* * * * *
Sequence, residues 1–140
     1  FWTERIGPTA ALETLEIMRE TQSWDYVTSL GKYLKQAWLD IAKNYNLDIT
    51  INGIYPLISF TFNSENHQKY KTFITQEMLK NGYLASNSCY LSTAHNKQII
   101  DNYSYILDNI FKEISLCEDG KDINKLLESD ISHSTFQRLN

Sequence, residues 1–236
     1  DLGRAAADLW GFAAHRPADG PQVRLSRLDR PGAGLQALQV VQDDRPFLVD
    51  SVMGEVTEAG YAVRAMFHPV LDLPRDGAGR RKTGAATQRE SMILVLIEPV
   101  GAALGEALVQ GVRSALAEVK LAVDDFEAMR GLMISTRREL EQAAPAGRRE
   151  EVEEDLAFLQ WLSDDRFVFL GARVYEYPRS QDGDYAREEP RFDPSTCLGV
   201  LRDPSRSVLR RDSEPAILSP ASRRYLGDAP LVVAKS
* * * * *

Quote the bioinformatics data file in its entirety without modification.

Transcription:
Sequence, residues 1–140
     1  FWTERIGPTA ALETLEIMRE TQSWDYVTSL GKYLKQAWLD IAKNYNLDIT
    51  INGIYPLISF TFNSENHQKY KTFITQEMLK NGYLASNSCY LSTAHNKQII
   101  DNYSYILDNI FKEISLCEDG KDINKLLESD ISHSTFQRLN

Sequence, residues 1–236
     1  DLGRAAADLW GFAAHRPADG PQVRLSRLDR PGAGLQALQV VQDDRPFLVD
    51  SVMGEVTEAG YAVRAMFHPV LDLPRDGAGR RKTGAATQRE SMILVLIEPV
   101  GAALGEALVQ GVRSALAEVK LAVDDFEAMR GLMISTRREL EQAAPAGRRE
   151  EVEEDLAFLQ WLSDDRFVFL GARVYEYPRS QDGDYAREEP RFDPSTCLGV
   201  LRDPSRSVLR RDSEPAILSP ASRRYLGDAP LVVAKS